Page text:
Constellations of Compassion 2 – Finding Meaning

June 22, 2013

By: Monica Worline, Jane Dutton

Orignially posted on Compassion at Work Blog

This is the second of a series of three articles co-created by the CompassionLab and Soaringwords for children and adults grappling with serious illness.

Looking for meaning

When you gaze into the night sky, you can take strength discovering that the possibility of giving and receiving compassion is as boundless as the stars.

People grappling with serious illness tend to be downtrodden. If you glance around the waiting room or hospital lounge you may notice many people with slumped shoulders or patients and family members looking down. Often times, people do not make eye contact. Try something totally different today to change this pattern.

Laura King, a positive psychologist, writes about meaning in life. Specifically, she’s empirically tested the theory of object coherence, known as pattern detection. Her research shows that when people encounter a pattern, this recognition boosts well-being and gives them a sense of control. We invite you to look for patterns of kindness and love. By finding these kind of patterns we hope you will experience more well-being. For example, by using constellations as your guide, you can become a constellation of compassion for others, radiating light and kindness. Naturally, you can also “spot” someone being a compassionate beacon for you.

Here are some examples of giving and receiving compassion using constellation metaphors.  Sean’s mother and father needed to keep hope alive as time was running out for their three-year-old son to get a heart transplant.  They kept moving forward in the midst of serious challenges and multiple hospitalizations knowing that he needed to get a new heart in order to live. One night, in the middle of a blizzard, they got the phone call that a heart donation match was found.  They needed to get to the hospital immediately.  Even though it was one in the morning, their neighbors shoveled out the car and drove them twenty miles to the hospital embodying the horsepower of Auriga, the charioteer.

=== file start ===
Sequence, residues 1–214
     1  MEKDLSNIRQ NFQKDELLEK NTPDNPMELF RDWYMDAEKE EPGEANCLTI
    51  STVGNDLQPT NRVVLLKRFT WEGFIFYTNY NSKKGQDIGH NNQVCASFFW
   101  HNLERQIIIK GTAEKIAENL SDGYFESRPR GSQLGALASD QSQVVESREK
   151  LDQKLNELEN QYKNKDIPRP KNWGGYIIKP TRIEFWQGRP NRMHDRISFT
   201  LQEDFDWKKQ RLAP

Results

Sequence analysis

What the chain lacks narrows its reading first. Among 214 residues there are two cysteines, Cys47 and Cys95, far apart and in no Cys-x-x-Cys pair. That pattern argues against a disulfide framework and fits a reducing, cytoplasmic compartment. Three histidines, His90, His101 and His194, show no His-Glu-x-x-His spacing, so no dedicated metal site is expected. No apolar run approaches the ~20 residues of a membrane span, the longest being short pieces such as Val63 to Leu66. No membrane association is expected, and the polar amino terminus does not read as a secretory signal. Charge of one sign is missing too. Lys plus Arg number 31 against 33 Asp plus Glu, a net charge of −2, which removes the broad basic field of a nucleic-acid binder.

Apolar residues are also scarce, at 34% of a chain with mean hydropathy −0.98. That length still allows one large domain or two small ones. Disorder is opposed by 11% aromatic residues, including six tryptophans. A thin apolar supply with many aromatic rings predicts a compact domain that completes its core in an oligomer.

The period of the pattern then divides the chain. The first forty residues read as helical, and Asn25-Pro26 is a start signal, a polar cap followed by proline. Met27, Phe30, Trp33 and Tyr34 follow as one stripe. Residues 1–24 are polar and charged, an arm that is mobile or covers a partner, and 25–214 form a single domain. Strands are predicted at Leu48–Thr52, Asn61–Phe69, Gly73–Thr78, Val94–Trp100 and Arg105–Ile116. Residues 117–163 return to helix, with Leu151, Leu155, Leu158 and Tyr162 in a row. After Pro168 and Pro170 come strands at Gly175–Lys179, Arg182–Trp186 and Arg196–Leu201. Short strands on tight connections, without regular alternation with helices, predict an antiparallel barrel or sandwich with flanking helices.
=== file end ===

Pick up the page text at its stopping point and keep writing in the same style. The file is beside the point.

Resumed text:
While waiting in the hospital, Sean’s mom sat in a rocking chair singing to her child. She noticed a blinking red light and heard an ambulance far off in the distance. Looking out of the hospital window through the pounding snow, she detected an ambulance speeding over the George Washington Bridge.  Just as explorers would look to the North Star for clarity and guidance, in that moment she had a knowingness that the heart that was going to be transplanted into her son was in the ambulance racing towards the hospital.  The team of doctors began surgery immediately. The heart was a good match.  Sixteen years later, Sean graduated from high school.

If you are bombarded by many medical procedures you can look to Aquila, the Eagle constellation, to inspire you to rise above fear and anxiety to find clarity and calm.  Perhaps there is someone in your life that always has the ability to see the big picture, rather than getting mired down in despair. This person can be your Aquila inspiration.

Simple gestures mean so much when people are ill.  At times your kind actions can mirror Aquarius, the water carrier as you fill the water pitcher for your family member’s roommate at the same time you are refilling your relative’s water pitcher. Other times a stranger or hospital volunteer may offer you a cool glass of water, quenching your thirst and being a compassionate constellation for you.

Constellations of meaning are all around you. Once you start looking for meaning we are confident that you’ll find it just as simply as seeing the first star in the night sky.


Soaringwords founder Lisa Buksbaum with Jane Dutton of CompassionLab

One of the CompassionLab’s community partners is Soaringwords. Soaringwords is a non-profit organization whose mission is to lessen the impact of serious illness by connecting ill children and their families to a community of compassionate volunteers who inspire them to “Never give up!” Soaringwords embraces ill children and families by providing fun, creative and educational activities both in person and online which cultivate joy, hope, laughter and healing.